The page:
The acute physiological effects of the vaso-active drug, L-NNA, a nitric oxide synthase inhibitor, on renal and tumour perfusion in human subjects

Kent Yip, Vicky Goh, Jane Gregory, Ian Simcock, J. James Stirling, N. Jane Taylor, Robert Kozarski, Andrew Mitchell, Sam Bosopem, Gavin Halbert, Roberto Alonzi, David Miles, Peter Hoskin

Research output: Contribution to journalArticle

Abstract

To assess the baseline variation in global renal and tumour blood flow, blood volume and extraction fraction, and changes in these parameters related to the acute physiological effects of a single dose of a non selec-tive inhibitor of nitric oxide synthase, L-NNA. Ethical approval and informed consent were obtained for this Phase I clinical study. Patients with advanced solid tumours refractory to conventional therapy were recruited and given L-NNA intravenously at two different dose levels. Volumetric perfusion CT scans were carried out at 1, 24, 48 & 72 hours post L-NNA. Blood pressures were taken at regular interval for 6 hours after LNNA. L-NNA was well tolerated by the four patients who received it. Blood flow (BF) and blood vo-lume (BV) in both tumour and kidney were reduced post L-NNA administration (renal BF—20%; renal BV— 19.7%; tumour BF—16.9%; tumour BV—18.6%), though the effect was more sustained in tumour vasculature. A negative correlation was found between the change in systemic blood pressure and vascular supply to the tu-mour within 1 hour following L-NNA (p < 0.0001). Differences in response to L-NNA by separate target lesions in the same patient were observed. The differential effect of L-NNA on tumour and renal blood flow, and the absence of any significant toxicity in this small cohort of patients permit further dose escalation of L-NNA in future early phase trials. The predictive value of blood pressure change in relation to the acute effect of L-NNA on tumour vasculature deserves further evaluation.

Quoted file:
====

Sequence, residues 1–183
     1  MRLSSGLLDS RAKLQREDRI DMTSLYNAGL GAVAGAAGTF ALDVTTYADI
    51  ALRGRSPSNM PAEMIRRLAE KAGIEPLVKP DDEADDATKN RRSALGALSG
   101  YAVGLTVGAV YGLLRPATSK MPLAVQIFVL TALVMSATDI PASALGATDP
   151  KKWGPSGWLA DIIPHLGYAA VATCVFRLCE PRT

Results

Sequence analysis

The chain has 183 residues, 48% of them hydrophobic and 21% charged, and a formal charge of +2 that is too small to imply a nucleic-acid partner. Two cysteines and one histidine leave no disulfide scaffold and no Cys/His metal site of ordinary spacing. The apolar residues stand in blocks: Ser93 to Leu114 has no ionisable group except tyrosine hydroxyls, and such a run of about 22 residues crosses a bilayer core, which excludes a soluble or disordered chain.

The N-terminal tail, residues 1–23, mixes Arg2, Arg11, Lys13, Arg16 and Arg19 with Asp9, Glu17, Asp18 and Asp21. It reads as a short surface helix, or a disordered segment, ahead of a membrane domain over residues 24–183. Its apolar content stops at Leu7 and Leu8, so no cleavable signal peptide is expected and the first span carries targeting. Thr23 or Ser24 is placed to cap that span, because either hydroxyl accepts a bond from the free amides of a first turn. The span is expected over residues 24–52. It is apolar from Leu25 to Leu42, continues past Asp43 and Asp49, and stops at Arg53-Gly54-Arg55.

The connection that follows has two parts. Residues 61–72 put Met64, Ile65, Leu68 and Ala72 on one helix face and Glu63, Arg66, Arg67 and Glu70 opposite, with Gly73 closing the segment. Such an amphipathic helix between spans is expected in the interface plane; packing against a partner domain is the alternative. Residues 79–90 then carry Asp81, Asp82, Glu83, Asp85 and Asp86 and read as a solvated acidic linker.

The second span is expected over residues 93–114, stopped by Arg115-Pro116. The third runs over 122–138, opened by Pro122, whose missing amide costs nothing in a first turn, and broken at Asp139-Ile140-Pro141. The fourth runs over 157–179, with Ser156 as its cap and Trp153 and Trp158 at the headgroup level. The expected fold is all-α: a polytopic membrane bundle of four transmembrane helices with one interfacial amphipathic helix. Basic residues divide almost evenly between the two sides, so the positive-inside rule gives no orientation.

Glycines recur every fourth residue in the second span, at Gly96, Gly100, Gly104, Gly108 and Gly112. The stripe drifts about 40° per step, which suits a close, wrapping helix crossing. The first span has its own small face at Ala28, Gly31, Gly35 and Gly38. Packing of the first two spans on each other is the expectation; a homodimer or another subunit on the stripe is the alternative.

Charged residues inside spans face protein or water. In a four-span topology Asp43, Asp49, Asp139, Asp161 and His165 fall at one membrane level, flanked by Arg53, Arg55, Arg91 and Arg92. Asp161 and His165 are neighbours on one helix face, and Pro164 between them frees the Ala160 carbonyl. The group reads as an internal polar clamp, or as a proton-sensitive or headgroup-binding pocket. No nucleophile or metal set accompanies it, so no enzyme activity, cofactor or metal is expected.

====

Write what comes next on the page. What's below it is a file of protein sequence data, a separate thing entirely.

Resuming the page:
LanguageEnglish
Article number05
Pages44-52
Number of pages9
JournalJournal of Cancer Therapy
Volume5
Issue number1
DOIs
Publication statusPublished - 8 Jan 2014

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Nitric Oxide Synthase
Perfusion
Kidney
Pharmaceutical Preparations
Renal Circulation
Neoplasms
Blood Pressure
Cone-Beam Computed Tomography
Blood Volume
Informed Consent
Blood Vessels

Keywords

  • L-NNA
  • nitric oxide
  • perfusion
  • vascular
  • imaging
  • cancer

Cite this

Yip, Kent ; Goh, Vicky ; Gregory, Jane ; Simcock, Ian ; Stirling, J. James ; Taylor, N. Jane ; Kozarski, Robert ; Mitchell, Andrew ; Bosopem, Sam ; Halbert, Gavin ; Alonzi, Roberto ; Miles, David ; Hoskin, Peter. / The acute physiological effects of the vaso-active drug, L-NNA, a nitric oxide synthase inhibitor, on renal and tumour perfusion in human subjects. In: Journal of Cancer Therapy. 2014 ; Vol. 5, No. 1. pp. 44-52.
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abstract = "To assess the baseline variation in global renal and tumour blood flow, blood volume and extraction fraction, and changes in these parameters related to the acute physiological effects of a single dose of a non selec-tive inhibitor of nitric oxide synthase, L-NNA. Ethical approval and informed consent were obtained for this Phase I clinical study. Patients with advanced solid tumours refractory to conventional therapy were recruited and given L-NNA intravenously at two different dose levels. Volumetric perfusion CT scans were carried out at 1, 24, 48 & 72 hours post L-NNA. Blood pressures were taken at regular interval for 6 hours after LNNA. L-NNA was well tolerated by the four patients who received it. Blood flow (BF) and blood vo-lume (BV) in both tumour and kidney were reduced post L-NNA administration (renal BF—20{\%}; renal BV— 19.7{\%}; tumour BF—16.9{\%}; tumour BV—18.6{\%}), though the effect was more sustained in tumour vasculature. A negative correlation was found between the change in systemic blood pressure and vascular supply to the tu-mour within 1 hour following L-NNA (p < 0.0001). Differences in response to L-NNA by separate target lesions in the same patient were observed. The differential effect of L-NNA on tumour and renal blood flow, and the absence of any significant toxicity in this small cohort of patients permit further dose escalation of L-NNA in future early phase trials. The predictive value of blood pressure change in relation to the acute effect of L-NNA on tumour vasculature deserves further evaluation.",